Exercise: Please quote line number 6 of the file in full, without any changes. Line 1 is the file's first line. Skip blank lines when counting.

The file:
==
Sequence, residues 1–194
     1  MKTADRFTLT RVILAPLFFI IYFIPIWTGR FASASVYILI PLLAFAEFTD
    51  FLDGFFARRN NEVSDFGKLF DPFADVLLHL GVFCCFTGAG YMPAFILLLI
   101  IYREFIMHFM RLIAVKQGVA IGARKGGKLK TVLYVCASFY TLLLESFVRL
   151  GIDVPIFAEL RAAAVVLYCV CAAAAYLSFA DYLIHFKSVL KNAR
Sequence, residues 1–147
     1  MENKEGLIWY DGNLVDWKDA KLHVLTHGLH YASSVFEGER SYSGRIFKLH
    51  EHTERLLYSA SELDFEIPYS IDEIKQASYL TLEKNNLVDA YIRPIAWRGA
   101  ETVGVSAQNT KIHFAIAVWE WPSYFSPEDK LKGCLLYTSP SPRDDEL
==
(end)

Sequence, residues 1–147